Karen Keating Ansara has been a close friend of the Boston Foundation since we co-founded a fund for humanitarian relief after the horrific earthquake in Haiti in 2010—the roots of TBF’s Haiti Development Institute. She has focused her grantmaking through the Ansara Family Fund, a TBF Donor Advised Fund (DAF) that she shares with her husband Jim Ansara, to address global poverty, health and equity as well as community-driven development. She also founded the Network of Engaged International Donors (NEID), serves on numerous boards and supports initiatives that strengthen Greater Boston. (See tbf.org/ansarainterview for a full transcript.)
"I’m a big fan of TBF and its flexibility in allowing me to make Recoverable Grants over the last 10 years or so,” says Karen Keating Ansara, “and I’m very excited about its new Recoverable Grants Portfolios. Just today, I authorized a $250,000 investment in the BIPOC Small Business Lending Portfolio and $250,000 in the Equitable Housing Portfolio—and I’m considering another $500,000 in the near future. With Recoverable Grants, we can move so much more of the money in our DAF toward objectives that we really care about, but we don’t necessarily have to count them as part of our grantmaking budget. This means that we can extend our grantmaking budget enormously. (See page 6 for more about the portfolios.)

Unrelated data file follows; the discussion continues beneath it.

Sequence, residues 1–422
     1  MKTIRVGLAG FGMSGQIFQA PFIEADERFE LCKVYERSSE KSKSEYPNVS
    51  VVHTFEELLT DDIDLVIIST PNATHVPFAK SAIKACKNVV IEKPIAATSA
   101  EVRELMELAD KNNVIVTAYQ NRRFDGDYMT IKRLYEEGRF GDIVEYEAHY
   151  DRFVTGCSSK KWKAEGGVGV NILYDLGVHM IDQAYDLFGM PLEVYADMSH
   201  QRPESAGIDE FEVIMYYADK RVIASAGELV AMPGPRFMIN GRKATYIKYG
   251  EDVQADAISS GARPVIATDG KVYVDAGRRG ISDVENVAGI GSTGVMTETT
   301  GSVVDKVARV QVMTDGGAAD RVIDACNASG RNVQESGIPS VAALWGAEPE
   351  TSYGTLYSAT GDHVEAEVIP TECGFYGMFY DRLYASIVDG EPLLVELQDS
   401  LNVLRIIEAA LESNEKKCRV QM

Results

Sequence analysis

“Another way to think about it is this: As a donor, let’s say you have $100,000 in your DAF. If it is traditionally invested, you’ll earn about 5% in annual interest. If you grant it out as a $100,000 Recoverable Grant, you only forfeit roughly $5,000 a year in interest and put far more money to work in our communities.”
She explains that for many nonprofit organizations, it’s a way to access bridge funding: “For instance, we granted $150,000 about eight years ago to an affordable housing organization on the North Shore called Harborlight Community Partners. It’s a very stable organization, but they have to spend a lot of upfront money designing affordable housing and lobbying local zoning boards. So, that’s what we give them. And we ask them to pay us back in a year.” So far, Karen says, it’s worked beautifully and they continue to invest $150,000 a year. “Otherwise, they would have to borrow money from a bank as working capital and pay interest on it,” she adds.
“What’s exciting to me about TBF’s new portfolios is that I don’t have the bandwidth right now to research ways to invest in BIPOC-owned businesses in Greater Boston, but I really want to support entrepreneurs of color because I believe their work is a crucial engine for growth and equity. It’s the same with affordable housing. And I know the Boston Foundation can do this research for me. There’s no better entity to do this; they’re pioneers in this work."
To explore this exciting new investment option visit: recoverablegrants.tbf.org